Wisconsin point guard Traevon Jackson is expected to miss six weeks after fracturing a bone in his right foot during their loss at Rutgers. Jackson, who was averaging 9.4 points and 2.9 assists per game, is scheduled to undergo surgerytomorrow and start rehab in 2-3 weeks. The Badgers have enough talent to weather Jackson’s absence (look for Nigel Hayes and Sam Dekkar to have a large burden placed on them) and will probably use Bronson Koenig to take some of Jackson’s minutes so the big thing for the Badgers is for Jackson to return healthy in time for March. In a way, this could turn out to be a blessing for the Badgers by forcing their younger players to develop more quickly and get them ready for March (and possibly April).
We have seen a lot of strange contracts over the years, but the Jerod Haase‘s two-year extension with UAB that includes a clause that requires him to “keep public statements complimentary to the administrators of the athletic department and to UAB” is certainly unique. Based on what we know, this would appear to be a preemptive move to try to limit any criticism of the school which recently announced that it would be cutting its football program and not any history of Haase being critical of the school or administrators. We would be interested in hearing what the potential repercussions would be and how enforceable such measures would be.
Syracuse freshman Chris McCullough will miss the remainder of the season after tearing his right ACL in the team’s win over FSU on Saturday. Tyler Roberson will replace McCullough (9.3 points, 6.9 rebounds, and 2.1 blocks per game) in the starting lineup. The loss of McCullough, a McDonald’s All-American who was a top-25 recruit in the class of 2014, is a big blow to a team that was already clearly a level or two below the top tier in the ACC. As Mike Waters notes this is just one in a string of significant season-ending injuries Syracuse has suffered in recent year.
Indiana junior Hanner Mosquera-Perea will be out indefinitely after injuring his right knee during a practice on Monday. Mosquera-Perea, who had been averaging 7.4 points, 5 rebounds, and a team-high 1.6 blocks per game this season, has had an inconsistent career in Bloomington prior to this season but appeared to have turned the corner in starting all 16 games this season. His absence will leave a void that will have to be filled by a committee that includes Emmitt Holt, who is probably best known for a November incident where he ran over teammate Devin Davis. Fortunately for the Hoosiers, the Big Ten is weaker than usual this year and they only have three games remaining on their schedule featuring ranked opponents (two against Maryland and one against Wisconsin).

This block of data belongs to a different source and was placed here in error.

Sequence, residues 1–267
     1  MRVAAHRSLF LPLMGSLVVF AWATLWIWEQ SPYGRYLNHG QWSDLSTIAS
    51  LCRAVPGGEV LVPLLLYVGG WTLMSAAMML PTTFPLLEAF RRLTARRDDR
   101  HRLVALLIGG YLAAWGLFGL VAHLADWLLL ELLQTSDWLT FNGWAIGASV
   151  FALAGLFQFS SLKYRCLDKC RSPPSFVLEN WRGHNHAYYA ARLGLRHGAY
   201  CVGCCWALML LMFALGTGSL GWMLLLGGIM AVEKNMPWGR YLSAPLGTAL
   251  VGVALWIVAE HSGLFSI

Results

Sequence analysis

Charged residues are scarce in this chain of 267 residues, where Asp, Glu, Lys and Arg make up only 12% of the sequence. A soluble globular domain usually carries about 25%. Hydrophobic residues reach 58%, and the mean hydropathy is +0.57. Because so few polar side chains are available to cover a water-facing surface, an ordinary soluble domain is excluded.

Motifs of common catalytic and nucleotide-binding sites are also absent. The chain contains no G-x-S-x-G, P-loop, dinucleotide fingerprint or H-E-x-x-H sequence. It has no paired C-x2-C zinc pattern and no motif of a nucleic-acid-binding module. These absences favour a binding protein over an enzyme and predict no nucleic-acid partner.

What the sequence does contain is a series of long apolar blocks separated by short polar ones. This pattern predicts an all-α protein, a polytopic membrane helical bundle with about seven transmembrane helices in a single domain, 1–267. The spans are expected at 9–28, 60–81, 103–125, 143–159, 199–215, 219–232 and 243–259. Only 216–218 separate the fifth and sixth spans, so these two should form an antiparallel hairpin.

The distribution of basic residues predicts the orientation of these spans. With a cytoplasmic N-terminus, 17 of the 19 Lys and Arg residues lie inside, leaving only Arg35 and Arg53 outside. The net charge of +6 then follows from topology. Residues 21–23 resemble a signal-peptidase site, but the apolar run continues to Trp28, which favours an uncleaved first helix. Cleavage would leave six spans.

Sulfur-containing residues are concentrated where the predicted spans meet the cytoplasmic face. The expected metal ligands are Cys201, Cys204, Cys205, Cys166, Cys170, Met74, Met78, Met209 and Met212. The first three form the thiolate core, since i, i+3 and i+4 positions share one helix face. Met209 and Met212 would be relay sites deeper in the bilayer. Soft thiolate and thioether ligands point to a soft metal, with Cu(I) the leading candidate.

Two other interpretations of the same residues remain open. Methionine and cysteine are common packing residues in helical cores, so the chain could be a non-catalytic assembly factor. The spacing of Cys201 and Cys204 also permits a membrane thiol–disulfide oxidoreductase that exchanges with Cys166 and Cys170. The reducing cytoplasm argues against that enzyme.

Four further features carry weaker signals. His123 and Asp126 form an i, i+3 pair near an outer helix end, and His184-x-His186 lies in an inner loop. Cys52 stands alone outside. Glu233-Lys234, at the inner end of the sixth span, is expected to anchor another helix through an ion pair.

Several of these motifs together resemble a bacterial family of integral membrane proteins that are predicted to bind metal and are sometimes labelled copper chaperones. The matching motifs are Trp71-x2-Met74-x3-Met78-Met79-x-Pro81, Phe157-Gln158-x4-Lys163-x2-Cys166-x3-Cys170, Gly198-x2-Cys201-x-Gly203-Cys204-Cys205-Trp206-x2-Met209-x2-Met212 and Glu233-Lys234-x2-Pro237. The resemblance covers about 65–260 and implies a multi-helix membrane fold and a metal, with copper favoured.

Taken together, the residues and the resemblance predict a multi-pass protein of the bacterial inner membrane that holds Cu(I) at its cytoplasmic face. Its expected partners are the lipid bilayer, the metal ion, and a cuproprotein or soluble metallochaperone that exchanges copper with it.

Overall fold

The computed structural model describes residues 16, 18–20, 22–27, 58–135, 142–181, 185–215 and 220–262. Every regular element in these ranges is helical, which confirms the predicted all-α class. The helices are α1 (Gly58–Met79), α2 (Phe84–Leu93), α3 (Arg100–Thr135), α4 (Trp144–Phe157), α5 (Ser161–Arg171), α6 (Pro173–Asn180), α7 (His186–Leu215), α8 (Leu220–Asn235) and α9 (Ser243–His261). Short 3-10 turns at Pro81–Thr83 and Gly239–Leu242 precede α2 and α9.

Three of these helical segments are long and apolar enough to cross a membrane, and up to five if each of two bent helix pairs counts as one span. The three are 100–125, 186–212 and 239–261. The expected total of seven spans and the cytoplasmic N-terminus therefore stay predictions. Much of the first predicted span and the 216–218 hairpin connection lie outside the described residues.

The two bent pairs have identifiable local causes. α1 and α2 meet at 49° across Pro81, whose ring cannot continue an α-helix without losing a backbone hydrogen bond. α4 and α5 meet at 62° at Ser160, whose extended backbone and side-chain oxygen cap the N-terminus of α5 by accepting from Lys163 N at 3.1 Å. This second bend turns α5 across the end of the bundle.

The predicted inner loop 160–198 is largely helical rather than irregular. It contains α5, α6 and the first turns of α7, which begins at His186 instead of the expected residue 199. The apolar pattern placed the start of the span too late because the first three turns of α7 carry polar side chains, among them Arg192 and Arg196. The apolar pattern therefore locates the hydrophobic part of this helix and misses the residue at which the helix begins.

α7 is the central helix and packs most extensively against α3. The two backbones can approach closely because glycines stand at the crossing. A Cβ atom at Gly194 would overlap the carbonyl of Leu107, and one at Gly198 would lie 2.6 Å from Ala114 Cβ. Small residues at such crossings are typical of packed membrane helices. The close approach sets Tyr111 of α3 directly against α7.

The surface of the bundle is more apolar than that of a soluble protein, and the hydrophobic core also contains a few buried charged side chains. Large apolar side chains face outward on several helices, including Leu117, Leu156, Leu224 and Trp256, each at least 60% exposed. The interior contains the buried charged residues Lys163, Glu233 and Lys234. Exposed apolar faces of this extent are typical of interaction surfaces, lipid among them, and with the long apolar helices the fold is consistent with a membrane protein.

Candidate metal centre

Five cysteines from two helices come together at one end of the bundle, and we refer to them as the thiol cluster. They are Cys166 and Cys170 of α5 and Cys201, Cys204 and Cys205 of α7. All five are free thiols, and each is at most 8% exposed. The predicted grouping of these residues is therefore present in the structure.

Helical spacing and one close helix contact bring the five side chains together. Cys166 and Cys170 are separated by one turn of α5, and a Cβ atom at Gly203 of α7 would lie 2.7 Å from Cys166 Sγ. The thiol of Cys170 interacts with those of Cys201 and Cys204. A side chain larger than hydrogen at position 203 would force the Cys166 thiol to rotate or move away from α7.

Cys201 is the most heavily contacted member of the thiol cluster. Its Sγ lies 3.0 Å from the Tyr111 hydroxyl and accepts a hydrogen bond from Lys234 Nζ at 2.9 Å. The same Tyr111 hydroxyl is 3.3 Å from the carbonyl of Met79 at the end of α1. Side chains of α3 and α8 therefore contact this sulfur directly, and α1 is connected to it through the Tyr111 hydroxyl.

St. John’s picked up a big commitment on Monday when Brandon Sampson, one of the best guards remaining in the class of 2015, committed to play for the Red Storm. While the commitment might not make up for losing Isaiah Briscoe to Kentucky, it is a nice consolation prize and does help bolster what appeared to be a thin recruiting class for Steve Lavin as they beat out USC and California for Sampson. For a while it appeared that St. John’s might also lose Sampson after Briscoe decided to go elsewhere as Sampson had appeared to want to go to St. John’s to play with Briscoe. With St. John’s top guards graduating this year, it would not be a surprise for Sampson to be the starter his first day on campus. The bigger issue could be that Sampson might not have much talent around him particularly if Chris Obekpa and Rysheed Jordan decide to leave school this year, which would not be that big of a stretch, meaning the team would have lost its top six players from this season.
A Conference in Considerable Flux – Before Memphis, Houston, UCF, and SMU defect to the Big East – which officially makes a geographic mockery of the Big East’s name – C-USA will have one final season together as a full-fledged “upper-level” Division I conference. With only six NCAA Tournament teams and zero NCAA tournament victories in the past three seasons, however, can C-USA muster together a respectable showing for the 2012-13 campaign that doesn’t rival most mid-major conferences? Memphis is the only virtual lock to go dancing, yet several other programs (see Marshall, UTEP, and Tulane) are on the rise and could conceivably end up on the right side of the tournament bubble come March. Still, it may be overly optimistic to think C-USA will break the two-team NCAA bid barrier that has eluded the conference since 2005.